By turn six Chaos still held the lunchbox and bastion, and loyalists were still struggling through the rubble to reach the third vacant objective. The last desperate gamble of turn six had been a final assault by a loyalist combat squad on the lunchbox in an attempt to remove its final defender, an aspiring plague marine champion with power fist. The assault failed as the single champion beat down all of the attackers. It looked set for a two to nothing victory for chaos until J rolled for end of game. Unluckily for him it went to turn seven. By this time Vulkan had been picked up by his Crusader and was busy speeding towards a final decisive battle atop the lunchbox. A final loyalist combat squad who had been walking to the box since their transport got destroyed in turn four finally arrived. The other squad who had done nothing all game other than struggle through rubble finally made a run for the uncontested objective, only just making it in turn seven. Vulkan scaled the lunchbox, and the final assault went in against the lone aspiring champion who up until this point had been winning the game. Vulkan had to employ both his master crafted relic blade and digital weapons to shift the stubborn defender, which allowed his supporting combat squad to seize the objective.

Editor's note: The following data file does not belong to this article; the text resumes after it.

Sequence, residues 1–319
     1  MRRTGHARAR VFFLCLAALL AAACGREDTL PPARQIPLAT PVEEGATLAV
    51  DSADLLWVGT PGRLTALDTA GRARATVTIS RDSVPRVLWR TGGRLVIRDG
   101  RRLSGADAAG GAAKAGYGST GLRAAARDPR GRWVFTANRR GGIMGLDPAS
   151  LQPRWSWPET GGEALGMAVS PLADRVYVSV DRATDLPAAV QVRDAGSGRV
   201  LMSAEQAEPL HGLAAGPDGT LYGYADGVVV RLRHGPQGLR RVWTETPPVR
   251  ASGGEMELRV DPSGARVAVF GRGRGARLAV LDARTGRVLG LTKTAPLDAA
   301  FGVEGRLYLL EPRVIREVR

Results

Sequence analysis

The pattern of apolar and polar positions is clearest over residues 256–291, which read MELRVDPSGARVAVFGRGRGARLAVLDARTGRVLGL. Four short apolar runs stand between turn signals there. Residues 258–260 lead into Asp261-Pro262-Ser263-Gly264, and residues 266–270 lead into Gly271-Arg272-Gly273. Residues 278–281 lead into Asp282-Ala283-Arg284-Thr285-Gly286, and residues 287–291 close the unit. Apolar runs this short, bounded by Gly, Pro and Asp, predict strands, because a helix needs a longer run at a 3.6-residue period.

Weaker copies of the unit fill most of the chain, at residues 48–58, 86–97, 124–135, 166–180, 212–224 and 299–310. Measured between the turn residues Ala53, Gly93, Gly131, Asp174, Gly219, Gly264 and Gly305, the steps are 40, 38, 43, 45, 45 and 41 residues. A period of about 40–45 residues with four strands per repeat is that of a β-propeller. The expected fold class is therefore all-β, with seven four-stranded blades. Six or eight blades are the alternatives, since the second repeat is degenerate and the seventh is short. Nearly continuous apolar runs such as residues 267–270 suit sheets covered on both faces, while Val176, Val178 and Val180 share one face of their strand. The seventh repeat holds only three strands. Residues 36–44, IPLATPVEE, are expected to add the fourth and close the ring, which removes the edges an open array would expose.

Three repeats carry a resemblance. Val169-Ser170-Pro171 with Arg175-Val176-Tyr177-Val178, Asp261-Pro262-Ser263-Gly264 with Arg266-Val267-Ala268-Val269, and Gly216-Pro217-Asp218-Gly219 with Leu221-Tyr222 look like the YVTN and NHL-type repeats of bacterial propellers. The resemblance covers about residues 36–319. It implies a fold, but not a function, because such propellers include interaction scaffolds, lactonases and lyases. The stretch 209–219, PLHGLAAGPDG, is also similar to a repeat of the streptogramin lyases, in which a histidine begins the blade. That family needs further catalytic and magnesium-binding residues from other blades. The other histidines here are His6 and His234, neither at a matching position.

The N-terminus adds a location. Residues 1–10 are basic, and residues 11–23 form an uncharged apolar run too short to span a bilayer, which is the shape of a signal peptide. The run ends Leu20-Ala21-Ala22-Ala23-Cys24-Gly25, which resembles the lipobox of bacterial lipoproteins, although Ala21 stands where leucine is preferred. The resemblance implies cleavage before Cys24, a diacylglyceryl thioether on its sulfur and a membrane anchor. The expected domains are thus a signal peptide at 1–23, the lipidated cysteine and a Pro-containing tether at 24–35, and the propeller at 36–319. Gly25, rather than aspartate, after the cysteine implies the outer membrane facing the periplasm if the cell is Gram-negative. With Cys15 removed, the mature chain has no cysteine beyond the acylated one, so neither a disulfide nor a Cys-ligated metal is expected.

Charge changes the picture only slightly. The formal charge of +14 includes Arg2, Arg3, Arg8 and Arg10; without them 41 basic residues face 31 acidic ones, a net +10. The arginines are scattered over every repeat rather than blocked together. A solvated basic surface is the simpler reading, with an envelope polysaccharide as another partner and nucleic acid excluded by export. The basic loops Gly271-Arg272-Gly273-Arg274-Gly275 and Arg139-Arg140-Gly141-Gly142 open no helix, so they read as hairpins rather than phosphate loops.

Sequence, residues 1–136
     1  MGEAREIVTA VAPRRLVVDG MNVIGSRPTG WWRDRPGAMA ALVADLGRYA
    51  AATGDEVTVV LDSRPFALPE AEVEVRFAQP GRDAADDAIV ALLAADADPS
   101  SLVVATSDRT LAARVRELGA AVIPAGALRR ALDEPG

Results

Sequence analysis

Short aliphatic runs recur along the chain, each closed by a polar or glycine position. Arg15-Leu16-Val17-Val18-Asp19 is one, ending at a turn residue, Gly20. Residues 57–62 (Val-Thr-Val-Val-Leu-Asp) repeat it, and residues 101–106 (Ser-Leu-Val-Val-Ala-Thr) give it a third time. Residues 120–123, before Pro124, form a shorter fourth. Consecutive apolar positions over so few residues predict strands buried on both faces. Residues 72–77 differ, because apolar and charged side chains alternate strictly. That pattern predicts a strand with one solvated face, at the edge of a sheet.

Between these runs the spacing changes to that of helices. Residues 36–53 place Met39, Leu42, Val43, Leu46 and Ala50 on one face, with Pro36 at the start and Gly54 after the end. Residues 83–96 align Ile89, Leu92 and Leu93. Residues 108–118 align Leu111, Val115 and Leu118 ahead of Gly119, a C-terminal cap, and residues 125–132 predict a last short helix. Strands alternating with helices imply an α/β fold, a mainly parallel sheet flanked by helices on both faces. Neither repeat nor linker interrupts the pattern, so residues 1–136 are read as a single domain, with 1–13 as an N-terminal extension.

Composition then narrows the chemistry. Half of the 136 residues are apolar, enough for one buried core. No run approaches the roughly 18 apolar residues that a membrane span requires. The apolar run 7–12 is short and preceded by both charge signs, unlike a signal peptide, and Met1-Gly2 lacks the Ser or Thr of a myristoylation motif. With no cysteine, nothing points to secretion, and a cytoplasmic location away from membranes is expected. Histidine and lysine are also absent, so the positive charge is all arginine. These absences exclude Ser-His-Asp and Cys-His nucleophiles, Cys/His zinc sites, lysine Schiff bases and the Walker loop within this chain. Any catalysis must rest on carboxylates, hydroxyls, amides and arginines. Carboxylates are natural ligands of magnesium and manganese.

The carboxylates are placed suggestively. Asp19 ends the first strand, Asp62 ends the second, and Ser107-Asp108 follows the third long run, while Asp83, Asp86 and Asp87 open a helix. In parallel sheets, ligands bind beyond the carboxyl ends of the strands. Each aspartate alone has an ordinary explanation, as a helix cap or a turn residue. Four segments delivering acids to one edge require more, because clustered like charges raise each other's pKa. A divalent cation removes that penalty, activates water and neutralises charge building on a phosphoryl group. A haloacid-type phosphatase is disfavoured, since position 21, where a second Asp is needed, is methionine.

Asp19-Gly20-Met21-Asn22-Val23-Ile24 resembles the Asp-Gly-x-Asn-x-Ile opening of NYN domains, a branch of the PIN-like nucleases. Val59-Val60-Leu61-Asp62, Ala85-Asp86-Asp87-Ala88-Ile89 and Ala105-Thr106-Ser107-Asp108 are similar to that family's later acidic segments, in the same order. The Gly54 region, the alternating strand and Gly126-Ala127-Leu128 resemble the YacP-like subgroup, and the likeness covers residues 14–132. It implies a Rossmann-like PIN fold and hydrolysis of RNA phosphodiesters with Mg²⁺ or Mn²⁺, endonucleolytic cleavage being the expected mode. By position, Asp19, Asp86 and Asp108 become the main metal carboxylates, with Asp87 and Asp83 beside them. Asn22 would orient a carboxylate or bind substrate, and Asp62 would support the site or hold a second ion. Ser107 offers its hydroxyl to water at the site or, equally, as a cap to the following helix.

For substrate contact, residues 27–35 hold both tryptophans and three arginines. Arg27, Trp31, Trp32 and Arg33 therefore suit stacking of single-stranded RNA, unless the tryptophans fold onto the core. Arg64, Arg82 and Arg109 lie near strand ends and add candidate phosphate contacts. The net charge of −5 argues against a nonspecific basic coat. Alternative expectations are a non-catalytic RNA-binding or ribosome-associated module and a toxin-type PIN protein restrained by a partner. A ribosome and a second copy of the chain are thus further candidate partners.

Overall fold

In conclusion, it was an extremely close game. The loyalists won 2-1 in the end, but only after being behind 2-0 at the end of turn six. The most effective units on each side were probably the loyalist’s Crusader, which survived the entire game playing a key role in the capture of two objectives, and Chaos’s Obliterators, who from turn one proved to be a menace and slowed any hopes of a swift loyalist advance and victory.